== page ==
His brother, the Adelantado, persuaded Columbus to retire from the crowd and himself assumed the whole weight of the assault. The loyal part of the crew, however, persuaded him to put down his weapon, and on the other hand, entreated Porras and his companions to depart. It was clear enough that they had the power, and they tried to carry out their plans.
They embarked in ten canoes, and thus the Admiral was abandoned by forty-eight of his men. They followed, to the eastward, the route which Mendez had taken. In their lawless way they robbed the Indians of their provisions and of anything else that they needed. As Mendez had done, they waited at the eastern extremity of Jamaica for calm weather. They knew they could not manage the canoes, and they had several Indians to help them.
When the sea was smooth they started; but they had hardly gone four leagues from the land, when the waves began to rise under a contrary wind. Immediately they turned for shore, the canoes were overfreighted, and as the sea rose, frequently shipped water.
The frightened Spaniards threw overboard everything they could spare, retaining their arms only, and a part of their provisions. They even compelled the Indians to leap into the sea to lighten the boats, but, though they were skillful swimmers, they could not pretend to make land by swimming. They kept to the canoes, therefore, and would occasionally seize them to recover breath. The cruel Spaniards cut off their hands and stabbed them with their swords. Thus eighteen of their Indian comrades died, and they had none left, but such as were of most help in managing the canoes. Once on land, they doubted whether to make another effort or to return to Columbus.
Eventually they waited a month, for another opportunity to go to Hispaniola; but this failed as before, and losing all patience, they returned westward, to the commander whom they had insulted, living on the island "by fair means or foul," according as they found the natives friendly or unfriendly.
Columbus, meanwhile, with his half the crew, was waiting. He had established as good order as he could between his men and the natives, but he was obliged to keep a strict watch over such European food as he still had, knowing how necessary it was for the sick men in his number. On the other hand, the Indians, wholly unused to regular work, found it difficult to supply the food which so many men demanded.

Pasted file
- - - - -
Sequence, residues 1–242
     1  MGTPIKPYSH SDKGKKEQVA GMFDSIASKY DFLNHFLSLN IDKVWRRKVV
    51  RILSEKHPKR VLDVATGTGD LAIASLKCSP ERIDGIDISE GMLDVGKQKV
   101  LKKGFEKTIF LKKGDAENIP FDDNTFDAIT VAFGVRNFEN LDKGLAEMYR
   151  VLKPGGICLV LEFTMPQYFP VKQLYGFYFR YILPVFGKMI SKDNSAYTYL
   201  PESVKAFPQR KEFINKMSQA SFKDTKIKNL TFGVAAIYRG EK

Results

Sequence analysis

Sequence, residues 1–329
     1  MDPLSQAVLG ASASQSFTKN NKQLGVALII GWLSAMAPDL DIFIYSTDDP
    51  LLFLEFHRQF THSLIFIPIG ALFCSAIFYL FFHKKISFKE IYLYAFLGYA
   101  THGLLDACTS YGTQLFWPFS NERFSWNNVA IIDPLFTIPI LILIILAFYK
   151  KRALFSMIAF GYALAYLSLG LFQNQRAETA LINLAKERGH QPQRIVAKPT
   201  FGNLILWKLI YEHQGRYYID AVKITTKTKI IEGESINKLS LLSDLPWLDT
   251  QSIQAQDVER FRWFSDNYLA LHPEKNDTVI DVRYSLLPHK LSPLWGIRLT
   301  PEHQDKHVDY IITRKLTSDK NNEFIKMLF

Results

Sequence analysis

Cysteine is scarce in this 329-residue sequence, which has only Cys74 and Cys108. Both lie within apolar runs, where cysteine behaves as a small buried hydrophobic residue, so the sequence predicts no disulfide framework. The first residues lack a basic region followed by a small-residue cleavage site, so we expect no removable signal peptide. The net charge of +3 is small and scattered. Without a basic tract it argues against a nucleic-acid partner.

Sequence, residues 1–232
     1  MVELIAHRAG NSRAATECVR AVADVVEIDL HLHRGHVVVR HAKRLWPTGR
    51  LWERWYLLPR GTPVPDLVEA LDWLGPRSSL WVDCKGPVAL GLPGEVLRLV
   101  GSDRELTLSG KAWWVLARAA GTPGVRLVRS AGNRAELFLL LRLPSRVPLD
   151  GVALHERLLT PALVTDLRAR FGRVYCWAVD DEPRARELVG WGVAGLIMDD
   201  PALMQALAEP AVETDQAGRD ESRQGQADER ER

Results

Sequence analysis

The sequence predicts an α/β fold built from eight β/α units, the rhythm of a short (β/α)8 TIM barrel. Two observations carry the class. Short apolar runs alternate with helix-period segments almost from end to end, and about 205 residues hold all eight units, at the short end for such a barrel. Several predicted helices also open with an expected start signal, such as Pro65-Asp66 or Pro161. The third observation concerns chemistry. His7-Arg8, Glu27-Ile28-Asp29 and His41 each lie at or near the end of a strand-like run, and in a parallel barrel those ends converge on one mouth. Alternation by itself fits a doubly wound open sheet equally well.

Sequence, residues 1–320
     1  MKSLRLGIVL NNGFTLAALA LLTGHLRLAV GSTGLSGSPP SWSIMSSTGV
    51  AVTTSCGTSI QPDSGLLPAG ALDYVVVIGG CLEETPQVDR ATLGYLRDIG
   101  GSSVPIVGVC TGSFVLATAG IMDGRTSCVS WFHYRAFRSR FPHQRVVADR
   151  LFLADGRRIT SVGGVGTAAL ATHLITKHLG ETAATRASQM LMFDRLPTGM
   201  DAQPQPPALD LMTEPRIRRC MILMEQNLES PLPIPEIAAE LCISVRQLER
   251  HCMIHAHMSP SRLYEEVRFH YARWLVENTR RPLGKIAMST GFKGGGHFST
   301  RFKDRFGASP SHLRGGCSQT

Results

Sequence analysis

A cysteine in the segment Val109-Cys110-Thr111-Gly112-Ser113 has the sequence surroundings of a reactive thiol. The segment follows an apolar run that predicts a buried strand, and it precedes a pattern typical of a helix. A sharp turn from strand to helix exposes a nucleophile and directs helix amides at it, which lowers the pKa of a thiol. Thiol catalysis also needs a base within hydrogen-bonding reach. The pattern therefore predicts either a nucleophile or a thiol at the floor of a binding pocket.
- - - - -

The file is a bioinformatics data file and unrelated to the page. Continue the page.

The supplies fell off from day to day; the natives no longer pressed down to the harbor; the trinkets, with which food had been bought, had lost their charm; the Spaniards began to fear that they should starve on the shore of an island which, when Columbus discovered it, appeared to be the abode of plenty. It was at this juncture, when the natives were becoming more and more unfriendly, that Columbus justified himself by the tyrant's plea of necessity, and made use of his astronomical science, to obtain a supernatural power over his unfriendly allies.
He sent his interpreter to summon the principal caciques to a conference. For this conference he appointed a day when he knew that a total eclipse of the moon would take place. The chiefs met as they were requested. He told them that he and his followers worshipped a God who lived in the heavens; that that God favored such as did well, but punished all who displeased him.
He asked them to remember how this God had protected Mendez and his companions in their voyage, because they went obedient to the orders which had been given them by their chief. He asked them to remember that the same God had punished Porras and his companions with all sorts of affliction, because they were rebels. He said that now this great God was angry with the Indians, because they refused to furnish food to his faithful worshippers; that he proposed to chastise them with famine and pestilence.
He said that, lest they should disbelieve the warning which he gave, a sign would be given, in the heavens that night, of the anger of the great God. They would see that the moon would change its color and would lose its light. They might take this as a token of the punishment which awaited them.
The Indians had not that confidence in Columbus which they once had. Some derided what he said, some were alarmed, all waited with anxiety and curiosity. When the night came they saw a dark shadow begin to steal over the moon. As the eclipse went forward, their fears increased. At last the mysterious darkness covered the face of the sky and of the world, when they knew that they had a right to expect the glory of the full moon.
There were then no bounds to their terror. They, seized on all the provisions that they had, they rushed to the ships, they threw themselves at the feet of Columbus and begged him to intercede with his God, to withhold the calamity which he had threatened. Columbus would not receive them; he shut himself up in his cabin and remained there while the eclipse increased, hearing from within, as the narrator says, the howls and prayers of the savages.